As Jesus takes up the second discipline essential to Israel’s moral life and conduct, he once again makes it clear that there is a wrong way and a right way to pray. Succinctly put, it is not about how hard you hit your knees so that others might see how devout you are, nor the eloquence and the length of the prayers that you offer in order to impress. Remember that, when giving alms, there really is only an audience of one. The same holds true for prayer.

Now, I do not think Jesus is being critical of public worship here. He certainly attended the synagogue on the Sabbath and spent time in the Temple in Jerusalem during the high holy days. We are social beings. Communal gatherings celebrating our relationship with God and with one another are, I think, essential and intended for our mutual joy.

However, I do think that Jesus is saying to us that prayer is much more than these public gatherings. Prayer is an opportunity to enter into conversation with God, the creator of heaven and earth. It can happen at any point in the course of each and every day. And like any conversation, it is best when there are no distractions, when we can focus entirely on the one with whom we are having the conversation. That is why it is best to find a quiet spot and shut the door, in order to give God our undivided attention.

I am not going to attempt to parse the Lord’s Prayer line by line. Instead, I will highlight some of the key points Jesus is making as he teaches his followers the best way to approach such conversation.

In his letter to the Ephesians, Paul writes about the ultimate goal for all disciples; “until all of us come to unity in faith and the knowledge of the Son of God, to maturity, to the measure of the full stature of Christ.” (Ephesians 4:13) If our calling is to be more and more Christ-like, then we begin by faith with the knowledge that the transcendent God is also “Our Father.” Indeed, the word Jesus uses is “Abba.” This is not a reference to the Swedish band of the same name. It is the Aramaic vocative for “Daddy.” I know that this may not be helpful for those of us who have had difficult relationships with our own fathers. But we cannot miss the point Jesus is making. Just as Jesus is God’s son, so too are we the daughters and sons of the very same God. This is one of the most profound and beautiful insights Jesus reveals to the world. Whereas the people of Israel were prohibited from using God’s name, lest they die, Jesus says to us that we are now blessed to call that same God, “Father.” When we enter into that quiet place to pray, we are not trying to catch the attention of some divine being who has very little interest in us. We are having a conversation with the One who gave us the gift of life in the first place and loves us as a parent loves her children. This is how Jesus prays and he invites us to pray in the very same way.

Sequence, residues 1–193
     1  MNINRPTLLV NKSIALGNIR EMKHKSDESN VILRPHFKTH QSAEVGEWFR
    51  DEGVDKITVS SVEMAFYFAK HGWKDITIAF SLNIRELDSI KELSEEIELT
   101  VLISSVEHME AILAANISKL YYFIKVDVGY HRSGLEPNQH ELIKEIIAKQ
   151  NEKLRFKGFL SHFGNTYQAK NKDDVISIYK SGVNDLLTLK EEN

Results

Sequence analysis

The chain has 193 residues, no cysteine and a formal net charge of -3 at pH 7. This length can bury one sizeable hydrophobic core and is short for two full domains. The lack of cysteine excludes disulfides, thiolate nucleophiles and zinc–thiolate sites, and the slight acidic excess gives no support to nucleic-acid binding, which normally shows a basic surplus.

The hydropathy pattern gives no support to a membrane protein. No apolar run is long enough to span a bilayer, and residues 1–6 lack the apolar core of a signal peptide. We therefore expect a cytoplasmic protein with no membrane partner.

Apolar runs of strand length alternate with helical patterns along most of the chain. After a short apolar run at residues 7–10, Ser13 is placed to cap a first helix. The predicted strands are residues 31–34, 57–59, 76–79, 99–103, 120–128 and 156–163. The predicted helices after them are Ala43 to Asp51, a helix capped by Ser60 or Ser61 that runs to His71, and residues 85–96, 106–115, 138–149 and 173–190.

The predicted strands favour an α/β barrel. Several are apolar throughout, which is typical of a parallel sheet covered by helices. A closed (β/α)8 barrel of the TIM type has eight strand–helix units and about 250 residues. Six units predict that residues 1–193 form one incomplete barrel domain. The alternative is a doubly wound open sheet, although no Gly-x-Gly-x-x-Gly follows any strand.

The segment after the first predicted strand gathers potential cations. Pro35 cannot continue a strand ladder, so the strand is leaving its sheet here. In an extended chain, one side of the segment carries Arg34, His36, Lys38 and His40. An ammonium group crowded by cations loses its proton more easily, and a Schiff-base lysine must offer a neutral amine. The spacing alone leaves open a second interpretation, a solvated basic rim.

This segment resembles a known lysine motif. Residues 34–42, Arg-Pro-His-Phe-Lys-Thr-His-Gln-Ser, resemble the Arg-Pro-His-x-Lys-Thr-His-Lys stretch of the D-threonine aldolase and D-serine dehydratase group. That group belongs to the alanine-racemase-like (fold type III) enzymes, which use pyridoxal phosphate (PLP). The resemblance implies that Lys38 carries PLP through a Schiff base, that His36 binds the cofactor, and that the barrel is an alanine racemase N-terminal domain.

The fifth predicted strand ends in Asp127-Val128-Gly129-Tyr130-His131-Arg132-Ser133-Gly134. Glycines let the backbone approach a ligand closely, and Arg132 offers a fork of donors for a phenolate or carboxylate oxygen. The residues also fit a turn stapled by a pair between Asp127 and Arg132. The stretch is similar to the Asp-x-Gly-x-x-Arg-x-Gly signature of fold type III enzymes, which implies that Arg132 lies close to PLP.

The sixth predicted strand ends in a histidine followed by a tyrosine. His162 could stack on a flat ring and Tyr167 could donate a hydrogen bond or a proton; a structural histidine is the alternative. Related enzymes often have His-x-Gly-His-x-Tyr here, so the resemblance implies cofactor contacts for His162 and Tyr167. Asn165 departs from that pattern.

The next focus of the prayer is on the holiness of God. In order to enter into this conversation, we must first acknowledge that our prayers are about honoring God. In the catechism of the Book of Common Prayer, we call this “Adoration” and “Praise.” (BCP 856-7) God is holy. It is God’s kingdom that we seek. And it is through fulfilling God’s will for and in our lives that this world will become more and more like Heaven itself. Therefore, our prayers begin with listening. What are God’s hopes and desires for us? In what particular ways are we to fulfill God’s will? How will the Holy Spirit lead us and guide us in our relationships with Jesus so that we might become more Christ-like with every passing day? There is only one way to find out. We must be still and we must listen.

It is only after we listen that we then turn the conversation to our own needs and wants. But even here, Jesus recommends keeping it simple. After all, our Father already knows our needs before we even ask! We need our daily bread. We need to be forgiven even as we need to forgive others. Above all, we need God’s help in times of trial and Christ’s love to avoid the temptations that lead us in the direction of evil. Certainly, we are invited to make petition, to name particular people and particular situations, including ourselves and our own. That is the nature of this conversation we have with God in Christ. That is the nature of our Father’s love. And when you get right down to it, prayer and love are very much the same thing.

God’s peace.